But I think hopefully also it will be easier to get across the stakes involved. And I think we really are talking here, as we are with Social Security or with education, about a real inter- generational issue. I think what this generation has a responsibility to do is make sure that the next generation or the next decade of Americans have as strong a defense capability as we've been bequeathed by our predecessors. And there's a lot at stake here. I think once people understand the stakes, some of the -- some of the discomfort might go out of the process.
Q: Secretary, what options are you looking for? (Can you help us through ?) the small-scale-contingency-is-better idea? Are you looking at a force that just is dedicated to doing those kinds of things, for example?
MR. WOLFOWITZ: Again, and sorry to resort to my paradigm shift, but that is -- once you peel out that as a specific requirement instead of seeing it as already somehow automatically covered by a major regional contingencies, the answer gets to be complicated and it leads you to questions about what is the rotation base to cover it? That's really the first issue and probably the one we'll concentrate on. And second is how do you measure readiness?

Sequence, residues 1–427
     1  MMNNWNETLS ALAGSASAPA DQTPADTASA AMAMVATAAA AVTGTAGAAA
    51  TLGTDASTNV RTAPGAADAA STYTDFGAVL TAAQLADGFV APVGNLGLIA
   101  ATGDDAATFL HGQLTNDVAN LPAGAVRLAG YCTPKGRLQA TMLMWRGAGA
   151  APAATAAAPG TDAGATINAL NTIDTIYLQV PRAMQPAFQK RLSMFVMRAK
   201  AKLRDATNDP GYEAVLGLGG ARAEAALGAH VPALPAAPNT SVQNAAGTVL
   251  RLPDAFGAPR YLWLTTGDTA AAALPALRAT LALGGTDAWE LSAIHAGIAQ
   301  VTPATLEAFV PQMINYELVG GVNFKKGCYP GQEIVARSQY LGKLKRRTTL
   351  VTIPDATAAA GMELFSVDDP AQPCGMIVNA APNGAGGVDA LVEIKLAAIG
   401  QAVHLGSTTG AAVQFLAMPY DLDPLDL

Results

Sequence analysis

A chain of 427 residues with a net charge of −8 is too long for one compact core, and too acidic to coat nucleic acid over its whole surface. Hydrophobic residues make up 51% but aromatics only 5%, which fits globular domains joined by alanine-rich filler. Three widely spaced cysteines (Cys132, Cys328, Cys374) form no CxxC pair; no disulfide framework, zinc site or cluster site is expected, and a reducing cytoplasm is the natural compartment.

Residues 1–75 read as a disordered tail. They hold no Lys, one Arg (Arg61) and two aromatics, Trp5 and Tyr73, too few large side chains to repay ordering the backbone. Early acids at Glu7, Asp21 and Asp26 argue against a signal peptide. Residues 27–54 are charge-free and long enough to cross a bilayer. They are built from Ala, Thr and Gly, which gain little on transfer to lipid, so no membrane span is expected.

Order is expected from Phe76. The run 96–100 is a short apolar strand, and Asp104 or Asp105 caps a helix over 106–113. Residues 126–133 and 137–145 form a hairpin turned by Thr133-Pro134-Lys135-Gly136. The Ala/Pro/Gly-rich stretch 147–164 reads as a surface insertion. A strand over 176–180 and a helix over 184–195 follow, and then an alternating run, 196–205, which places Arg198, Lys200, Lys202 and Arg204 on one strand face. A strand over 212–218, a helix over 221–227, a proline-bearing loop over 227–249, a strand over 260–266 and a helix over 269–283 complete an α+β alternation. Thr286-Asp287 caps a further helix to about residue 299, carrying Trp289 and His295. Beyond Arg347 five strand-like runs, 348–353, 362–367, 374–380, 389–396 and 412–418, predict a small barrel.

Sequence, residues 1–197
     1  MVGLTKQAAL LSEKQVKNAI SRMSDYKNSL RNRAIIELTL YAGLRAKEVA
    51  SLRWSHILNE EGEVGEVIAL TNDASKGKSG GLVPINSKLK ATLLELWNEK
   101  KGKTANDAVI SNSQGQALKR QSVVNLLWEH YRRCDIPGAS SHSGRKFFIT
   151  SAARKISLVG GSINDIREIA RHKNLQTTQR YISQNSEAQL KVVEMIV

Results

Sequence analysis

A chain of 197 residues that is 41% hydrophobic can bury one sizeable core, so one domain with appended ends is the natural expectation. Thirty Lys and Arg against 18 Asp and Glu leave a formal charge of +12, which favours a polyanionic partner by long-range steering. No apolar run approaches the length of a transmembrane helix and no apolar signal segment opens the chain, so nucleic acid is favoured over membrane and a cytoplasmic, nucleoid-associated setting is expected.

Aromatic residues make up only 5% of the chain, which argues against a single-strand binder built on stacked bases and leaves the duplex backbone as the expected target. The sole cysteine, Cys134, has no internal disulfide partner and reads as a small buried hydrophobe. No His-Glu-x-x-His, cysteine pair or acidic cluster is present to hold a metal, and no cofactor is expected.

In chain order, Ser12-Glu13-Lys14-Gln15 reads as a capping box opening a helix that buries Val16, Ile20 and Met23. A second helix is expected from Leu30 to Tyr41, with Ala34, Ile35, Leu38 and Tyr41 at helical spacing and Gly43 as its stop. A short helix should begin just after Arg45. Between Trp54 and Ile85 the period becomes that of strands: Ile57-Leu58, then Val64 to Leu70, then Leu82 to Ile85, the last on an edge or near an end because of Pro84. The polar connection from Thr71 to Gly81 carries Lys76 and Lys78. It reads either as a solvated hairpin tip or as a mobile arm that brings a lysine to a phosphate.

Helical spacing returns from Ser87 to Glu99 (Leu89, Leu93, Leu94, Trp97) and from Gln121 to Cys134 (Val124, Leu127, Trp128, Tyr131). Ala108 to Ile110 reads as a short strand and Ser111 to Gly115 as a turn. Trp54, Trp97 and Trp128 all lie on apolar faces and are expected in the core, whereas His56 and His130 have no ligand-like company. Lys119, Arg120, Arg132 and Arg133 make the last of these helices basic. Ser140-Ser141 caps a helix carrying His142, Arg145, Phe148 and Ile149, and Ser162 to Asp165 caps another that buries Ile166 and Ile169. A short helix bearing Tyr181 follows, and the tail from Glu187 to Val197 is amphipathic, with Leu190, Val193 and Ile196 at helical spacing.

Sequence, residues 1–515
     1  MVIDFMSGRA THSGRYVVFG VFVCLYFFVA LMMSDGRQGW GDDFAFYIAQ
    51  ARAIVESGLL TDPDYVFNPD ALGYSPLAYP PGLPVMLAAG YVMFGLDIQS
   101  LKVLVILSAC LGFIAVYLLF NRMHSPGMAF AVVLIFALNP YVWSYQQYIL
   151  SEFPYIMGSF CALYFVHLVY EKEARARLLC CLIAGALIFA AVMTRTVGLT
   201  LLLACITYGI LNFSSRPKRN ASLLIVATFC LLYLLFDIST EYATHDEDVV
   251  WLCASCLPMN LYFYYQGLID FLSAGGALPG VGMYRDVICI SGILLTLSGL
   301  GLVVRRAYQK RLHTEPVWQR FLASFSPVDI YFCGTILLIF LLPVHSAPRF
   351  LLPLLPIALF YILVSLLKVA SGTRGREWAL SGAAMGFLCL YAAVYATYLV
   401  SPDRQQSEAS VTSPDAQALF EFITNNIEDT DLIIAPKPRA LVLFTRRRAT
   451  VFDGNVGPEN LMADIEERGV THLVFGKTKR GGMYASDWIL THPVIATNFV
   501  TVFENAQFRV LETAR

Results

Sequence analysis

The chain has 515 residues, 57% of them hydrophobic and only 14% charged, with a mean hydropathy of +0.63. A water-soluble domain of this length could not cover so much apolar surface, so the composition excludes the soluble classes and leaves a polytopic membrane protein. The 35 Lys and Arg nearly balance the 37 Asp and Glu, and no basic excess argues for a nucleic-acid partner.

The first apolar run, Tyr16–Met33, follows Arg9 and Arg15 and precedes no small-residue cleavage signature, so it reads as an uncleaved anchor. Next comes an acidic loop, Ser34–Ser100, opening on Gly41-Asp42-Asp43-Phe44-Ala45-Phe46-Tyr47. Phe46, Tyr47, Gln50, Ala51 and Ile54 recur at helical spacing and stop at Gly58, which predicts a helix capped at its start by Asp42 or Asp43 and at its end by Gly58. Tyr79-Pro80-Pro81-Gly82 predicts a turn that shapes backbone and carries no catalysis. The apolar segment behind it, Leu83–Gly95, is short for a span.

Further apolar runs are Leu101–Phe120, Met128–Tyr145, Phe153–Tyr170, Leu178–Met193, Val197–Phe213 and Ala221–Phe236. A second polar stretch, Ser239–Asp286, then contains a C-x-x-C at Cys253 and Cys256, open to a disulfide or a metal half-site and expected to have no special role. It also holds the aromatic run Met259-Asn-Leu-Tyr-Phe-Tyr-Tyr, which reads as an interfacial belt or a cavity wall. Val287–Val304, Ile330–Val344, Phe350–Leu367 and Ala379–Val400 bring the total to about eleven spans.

I mean, it -- we are in this, to put it mildly, a bit anachronistic situation where a division that has a brigade fully deployed and doing its mission in the Balkans is not ready, because it's designed to another mission. Well, we need to get those anomalies sorted out.
But I think as we work through those issues and those anomalies, we may also decide that there's a better way to organize for some of those missions, instead of taking a force that is trained and equipped to fight major tank battles in the Persian Gulf and just automatically assuming that that's the right force to deploy to Bosnia. But I think it's going to have to go in some stages, which is why, as I said, we're going to go through iterations in the QDR, which will be finished on time, will be the start of that, not the end of it.
Thank you very much.
Executive Summary of the QDR Terms of Reference can be found at: http://www.defenselink.mil/news/Aug2001/d20010808qdr.pdf